Volunteers at the Infection Disease Hospital, (IDH), of the Yabab Mainland Hospital, Lagos where patients with Ebola Virus Disease, EVD, are receiving treatment have threatened to stop reporting to their duty posts over the non-payment of their daily entitlement by Nigerian government.
It was revealed that the volunteers are being owed over two weeks of their daily pay.
Two patients on Friday morning were still in the hospital’s isolation ward, the Port Harcourt Dr. Enemuo’s wife and the clergyman who had prayed for Enemuo.
By Friday evening, the clergyman was discharge from the centre after his test returned negative leaving Mrs Iyke Enemuo as the only patient in the ward.
It was also gathered that while doctors and nurses who had volunteered to treat patients down with Ebola virus are being N50,000 and N40,000 per shift respectively; the money has stop coming since fortnight ago.
Other low cadre workers at the IDH such as the laundry men, ward attendants who take care of the patients have also not been paid.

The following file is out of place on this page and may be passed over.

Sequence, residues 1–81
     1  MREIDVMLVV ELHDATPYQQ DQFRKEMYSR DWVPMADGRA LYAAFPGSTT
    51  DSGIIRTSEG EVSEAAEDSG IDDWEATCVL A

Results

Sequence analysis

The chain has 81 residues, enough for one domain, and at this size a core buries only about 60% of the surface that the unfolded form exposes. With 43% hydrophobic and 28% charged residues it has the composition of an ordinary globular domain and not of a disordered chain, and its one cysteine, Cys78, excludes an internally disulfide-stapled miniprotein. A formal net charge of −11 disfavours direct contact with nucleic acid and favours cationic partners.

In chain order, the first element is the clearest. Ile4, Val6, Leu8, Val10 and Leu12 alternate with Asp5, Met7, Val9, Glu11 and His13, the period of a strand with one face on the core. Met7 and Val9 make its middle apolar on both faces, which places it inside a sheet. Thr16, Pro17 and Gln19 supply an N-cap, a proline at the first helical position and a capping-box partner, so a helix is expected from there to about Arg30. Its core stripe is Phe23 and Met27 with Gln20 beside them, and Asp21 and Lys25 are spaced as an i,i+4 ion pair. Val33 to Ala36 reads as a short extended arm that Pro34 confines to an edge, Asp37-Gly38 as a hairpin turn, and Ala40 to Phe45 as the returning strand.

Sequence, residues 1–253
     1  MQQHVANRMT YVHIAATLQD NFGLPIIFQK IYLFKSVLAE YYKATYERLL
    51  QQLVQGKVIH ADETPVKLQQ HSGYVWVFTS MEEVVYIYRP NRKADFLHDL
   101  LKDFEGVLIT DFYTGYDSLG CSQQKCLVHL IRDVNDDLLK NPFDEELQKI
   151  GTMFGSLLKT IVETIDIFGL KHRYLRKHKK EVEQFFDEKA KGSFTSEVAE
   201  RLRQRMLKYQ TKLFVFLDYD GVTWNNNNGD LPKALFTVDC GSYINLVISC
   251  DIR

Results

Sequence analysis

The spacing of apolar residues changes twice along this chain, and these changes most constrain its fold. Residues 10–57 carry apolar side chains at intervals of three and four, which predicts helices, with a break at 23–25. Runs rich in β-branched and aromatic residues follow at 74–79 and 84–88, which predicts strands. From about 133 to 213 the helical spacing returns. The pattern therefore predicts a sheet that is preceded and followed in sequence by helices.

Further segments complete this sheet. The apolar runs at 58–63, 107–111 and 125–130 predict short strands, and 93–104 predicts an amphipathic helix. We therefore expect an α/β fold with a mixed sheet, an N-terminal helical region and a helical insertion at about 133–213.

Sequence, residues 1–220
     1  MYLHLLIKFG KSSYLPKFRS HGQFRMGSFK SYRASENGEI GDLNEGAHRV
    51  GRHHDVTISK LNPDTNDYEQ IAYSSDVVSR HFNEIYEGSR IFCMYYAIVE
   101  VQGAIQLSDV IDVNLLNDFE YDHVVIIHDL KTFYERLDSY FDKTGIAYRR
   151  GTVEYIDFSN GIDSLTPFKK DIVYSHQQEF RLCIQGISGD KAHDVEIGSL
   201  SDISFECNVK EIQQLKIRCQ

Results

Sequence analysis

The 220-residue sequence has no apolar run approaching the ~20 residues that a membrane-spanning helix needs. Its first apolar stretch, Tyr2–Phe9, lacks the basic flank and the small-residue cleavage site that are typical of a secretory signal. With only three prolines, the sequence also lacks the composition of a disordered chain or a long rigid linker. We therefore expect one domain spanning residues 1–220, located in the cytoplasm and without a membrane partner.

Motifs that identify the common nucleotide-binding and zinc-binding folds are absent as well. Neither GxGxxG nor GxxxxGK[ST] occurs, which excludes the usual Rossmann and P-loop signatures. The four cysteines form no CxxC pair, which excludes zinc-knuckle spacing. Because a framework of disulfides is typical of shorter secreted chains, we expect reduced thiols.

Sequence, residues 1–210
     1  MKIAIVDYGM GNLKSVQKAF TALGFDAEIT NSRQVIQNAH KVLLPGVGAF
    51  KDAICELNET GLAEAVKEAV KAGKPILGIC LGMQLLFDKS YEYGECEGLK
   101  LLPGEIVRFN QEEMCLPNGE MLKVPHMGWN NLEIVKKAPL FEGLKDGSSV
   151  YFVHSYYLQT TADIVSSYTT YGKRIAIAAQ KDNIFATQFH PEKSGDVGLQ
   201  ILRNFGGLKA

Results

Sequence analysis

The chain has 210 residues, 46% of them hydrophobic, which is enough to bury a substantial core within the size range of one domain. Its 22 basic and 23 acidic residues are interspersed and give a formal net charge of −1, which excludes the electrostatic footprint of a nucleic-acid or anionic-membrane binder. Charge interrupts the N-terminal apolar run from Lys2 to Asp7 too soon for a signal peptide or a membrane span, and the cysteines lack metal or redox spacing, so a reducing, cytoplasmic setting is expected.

“The place is tough at the moment, no communication from the top to the ground, most of us have worked for two weeks without pay,” a volunteer who did not want to be named for fear of victimisation,
“And not just without pay, initially, what was agreed was that at the end of each shift, you take your pay and go home.
“Right now they are just compiling, they are not paying us, we just work and go home, and this is like over two weeks now, no pay, and nobody is addressing us whether pay is coming or not.
“The most painful aspect of this whole thing is that all of us that enter and take care of these patients, carry their shit, you know they stool a lot, clean them up, do all the necessary things, that treated these people are the people suffering now.
“But those people who call themselves the officials, the truth is that they don’t even witness how these Ebola patients look like, they’ve not even seen them. They don’t enter inside at all, they don’t go in, they don’t dress in that hood (Personal Protective Equipment). They don’t go close to the patients,” the volunteer added.